## Sync the puppet tree from the vagrant folder to the puppet folder on the machine.
rsync -alrcWt --del --progress \
  --exclude=.git --exclude=.svn \
  /vagrant/puppet/* /etc/puppet/
 
## Execute the bootstrap
puppet apply --debug --verbose --trace \
  --graph --graphdir /vagrant/graphs \
  --modulepath /etc/puppet/modules \
  -e "import '/etc/puppet/manifests/classes/required-repos.pp' \
      import '/etc/puppet/manifests/classes/puppetmaster.pp' \
      include puppetmaster::bootstrap"
 
## Continue configuration using the set up puppetmaster
puppet agent --test --debug --verbose

I will not go into detail on what the puppetmaster manifest contain (for now) since I am still working on a demo setup. You can take a quick peek to the work that is done on this subject here: https://projects.vstone.eu/projects/puppet-showcase-puppetmaster.

6 comments on “Vagrant: Using the shell provider for running puppet.

  1. Interesting, but why use rsync and the bash fu around /etc/puppet ?

    For a puppet bootstrap on a client, at least it could be done with

    puppet apply –debug –verbose \
    –graph –graphdir /vagrant/graphs \
    –modulepath /vagrant/puppet/modules/ /vagrant/puppet/manifests/site.pp

    Then the first run hopefully poulate /etc/puppet/puppet.conf + /etc/default/puppet matching data from hiera, etc…

    No ?

    • For a client this would be true, but not for the puppetmaster. After the bootstrap, the puppetmaster will use /etc/puppet and thus would fail unless you setup your puppet.conf to find manifests and modules in /vagrant/puppet/*.
      I am strongly against modifying the puppet.conf for a vagrant run. I like have configuration and/or paths as close as possible to the real life situation, even while developing. You would also need to change the hiera configuration to find the yaml files in /vagrant/puppet/hieradata.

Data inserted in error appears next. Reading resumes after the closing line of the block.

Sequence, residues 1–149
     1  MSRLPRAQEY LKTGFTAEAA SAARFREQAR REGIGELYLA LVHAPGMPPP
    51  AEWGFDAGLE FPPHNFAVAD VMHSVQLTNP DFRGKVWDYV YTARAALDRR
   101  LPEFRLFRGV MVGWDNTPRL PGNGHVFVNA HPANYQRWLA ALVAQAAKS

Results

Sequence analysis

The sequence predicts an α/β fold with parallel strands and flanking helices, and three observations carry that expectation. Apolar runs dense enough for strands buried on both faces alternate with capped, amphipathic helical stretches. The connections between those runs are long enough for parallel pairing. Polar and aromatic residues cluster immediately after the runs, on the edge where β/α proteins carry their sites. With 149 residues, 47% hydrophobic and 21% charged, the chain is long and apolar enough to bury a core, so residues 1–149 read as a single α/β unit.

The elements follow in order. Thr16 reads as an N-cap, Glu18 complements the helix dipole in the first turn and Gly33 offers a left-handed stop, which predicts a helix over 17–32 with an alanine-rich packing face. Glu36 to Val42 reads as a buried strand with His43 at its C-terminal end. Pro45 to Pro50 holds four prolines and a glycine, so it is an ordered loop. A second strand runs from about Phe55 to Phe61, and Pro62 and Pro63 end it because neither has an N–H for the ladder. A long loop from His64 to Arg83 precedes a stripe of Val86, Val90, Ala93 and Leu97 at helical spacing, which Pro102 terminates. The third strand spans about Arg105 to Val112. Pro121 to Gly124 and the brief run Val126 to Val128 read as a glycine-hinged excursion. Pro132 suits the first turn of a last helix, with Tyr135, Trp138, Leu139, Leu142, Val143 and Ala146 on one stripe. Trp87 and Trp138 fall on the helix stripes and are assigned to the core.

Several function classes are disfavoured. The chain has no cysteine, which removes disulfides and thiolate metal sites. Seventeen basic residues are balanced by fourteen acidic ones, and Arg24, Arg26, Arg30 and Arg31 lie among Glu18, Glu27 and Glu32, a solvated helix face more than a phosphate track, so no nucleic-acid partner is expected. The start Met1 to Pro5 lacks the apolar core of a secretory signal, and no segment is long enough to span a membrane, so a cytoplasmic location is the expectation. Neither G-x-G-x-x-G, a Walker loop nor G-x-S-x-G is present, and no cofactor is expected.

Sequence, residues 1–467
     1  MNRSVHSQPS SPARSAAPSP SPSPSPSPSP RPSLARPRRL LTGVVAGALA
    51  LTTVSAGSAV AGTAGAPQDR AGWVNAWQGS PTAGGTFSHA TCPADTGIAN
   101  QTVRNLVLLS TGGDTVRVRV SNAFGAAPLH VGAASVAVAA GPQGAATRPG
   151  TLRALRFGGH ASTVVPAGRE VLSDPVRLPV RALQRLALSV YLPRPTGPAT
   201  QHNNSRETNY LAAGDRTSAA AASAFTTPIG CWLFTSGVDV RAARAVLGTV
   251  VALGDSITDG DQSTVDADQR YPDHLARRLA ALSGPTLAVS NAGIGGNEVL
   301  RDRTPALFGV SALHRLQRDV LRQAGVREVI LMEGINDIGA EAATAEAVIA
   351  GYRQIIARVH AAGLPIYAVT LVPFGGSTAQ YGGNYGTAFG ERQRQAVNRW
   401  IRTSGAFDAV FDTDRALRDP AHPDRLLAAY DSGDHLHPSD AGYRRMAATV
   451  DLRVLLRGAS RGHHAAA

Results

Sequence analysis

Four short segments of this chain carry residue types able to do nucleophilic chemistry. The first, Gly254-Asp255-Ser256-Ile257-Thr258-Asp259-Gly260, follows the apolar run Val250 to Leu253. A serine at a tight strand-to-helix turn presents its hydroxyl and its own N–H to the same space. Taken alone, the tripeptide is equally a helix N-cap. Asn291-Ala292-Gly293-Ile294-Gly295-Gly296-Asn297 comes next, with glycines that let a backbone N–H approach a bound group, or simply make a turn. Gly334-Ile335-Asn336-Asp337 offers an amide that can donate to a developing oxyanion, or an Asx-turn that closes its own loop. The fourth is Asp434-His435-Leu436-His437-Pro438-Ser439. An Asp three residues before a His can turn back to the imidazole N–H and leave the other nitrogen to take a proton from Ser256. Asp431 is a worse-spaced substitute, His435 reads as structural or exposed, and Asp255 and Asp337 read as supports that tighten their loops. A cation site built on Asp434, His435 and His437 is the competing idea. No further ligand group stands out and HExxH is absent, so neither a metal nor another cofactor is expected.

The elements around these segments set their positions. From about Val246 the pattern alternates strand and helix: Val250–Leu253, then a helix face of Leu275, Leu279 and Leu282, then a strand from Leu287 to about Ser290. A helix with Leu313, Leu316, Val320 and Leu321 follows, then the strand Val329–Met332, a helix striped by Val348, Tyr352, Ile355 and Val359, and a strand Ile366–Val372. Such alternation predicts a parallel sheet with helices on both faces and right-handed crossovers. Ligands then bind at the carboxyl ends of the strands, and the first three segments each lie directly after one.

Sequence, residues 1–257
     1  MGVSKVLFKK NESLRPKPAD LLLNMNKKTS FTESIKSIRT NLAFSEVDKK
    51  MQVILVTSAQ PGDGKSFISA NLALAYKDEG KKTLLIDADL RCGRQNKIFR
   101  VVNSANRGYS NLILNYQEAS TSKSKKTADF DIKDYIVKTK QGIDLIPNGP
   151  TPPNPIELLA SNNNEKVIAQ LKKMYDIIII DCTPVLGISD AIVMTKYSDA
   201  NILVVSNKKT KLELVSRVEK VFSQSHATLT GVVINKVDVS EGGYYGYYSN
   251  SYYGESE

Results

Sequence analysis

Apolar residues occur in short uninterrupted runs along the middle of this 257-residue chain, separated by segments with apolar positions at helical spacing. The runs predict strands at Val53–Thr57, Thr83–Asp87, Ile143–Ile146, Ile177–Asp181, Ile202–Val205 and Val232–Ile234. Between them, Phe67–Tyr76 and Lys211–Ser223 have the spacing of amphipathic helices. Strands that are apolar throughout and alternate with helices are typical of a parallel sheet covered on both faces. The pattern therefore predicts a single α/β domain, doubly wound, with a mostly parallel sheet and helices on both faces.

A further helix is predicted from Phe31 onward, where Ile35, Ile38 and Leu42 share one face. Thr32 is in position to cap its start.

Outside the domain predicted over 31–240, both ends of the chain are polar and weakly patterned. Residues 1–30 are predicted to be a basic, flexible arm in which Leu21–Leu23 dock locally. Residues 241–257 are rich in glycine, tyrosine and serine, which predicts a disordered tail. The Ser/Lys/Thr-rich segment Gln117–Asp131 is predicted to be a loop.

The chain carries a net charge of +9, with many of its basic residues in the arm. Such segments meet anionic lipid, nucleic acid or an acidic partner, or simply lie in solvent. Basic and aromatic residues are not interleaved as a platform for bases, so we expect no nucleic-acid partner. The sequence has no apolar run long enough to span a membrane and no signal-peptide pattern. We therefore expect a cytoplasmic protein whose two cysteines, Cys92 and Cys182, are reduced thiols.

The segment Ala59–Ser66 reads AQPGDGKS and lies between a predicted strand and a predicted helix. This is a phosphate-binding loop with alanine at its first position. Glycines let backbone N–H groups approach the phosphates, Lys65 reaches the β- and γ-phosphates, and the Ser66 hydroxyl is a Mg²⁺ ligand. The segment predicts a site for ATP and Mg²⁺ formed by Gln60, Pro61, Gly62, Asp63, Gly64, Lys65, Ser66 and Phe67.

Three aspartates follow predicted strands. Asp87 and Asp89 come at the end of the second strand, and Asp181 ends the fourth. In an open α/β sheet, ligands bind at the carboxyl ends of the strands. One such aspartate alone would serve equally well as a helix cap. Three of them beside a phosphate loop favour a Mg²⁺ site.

As for the bash fu around /etc/puppet, I agree this could probably be omitted because we know that puppet is installed. This could easily be adjusted to do a yum install puppet when the /etc/puppet folder does not exist. This way, one vanilla box could be used for doing both chef and puppet and whatever other system you want to use.

      • Ack, fully bootstrapped puppetmaster needs the code in /etc/puppet/{manifests,modules}

        But at this point it is puppet code deployment, I’ll differentiate the operations :

        – bootstrap the puppet master
        – deploy puppet code
        – reload apache (I saw you’re using passenger)

        Rinse and repeat the last two, so altering your deployment process does’nt interfere with your bootstrap in the future.

        • Thats a valid point I’ll have to look into. I only used it to test the bootstrapping part so I haven’t run into that wall yet.

  2. Very interesting stuff, especially for someone like me who is still a newcomer in Puppetland. I have been reading up on hiera integration and have been wondering about how to bootstrap adequately. Your article points in that direction, so thanks.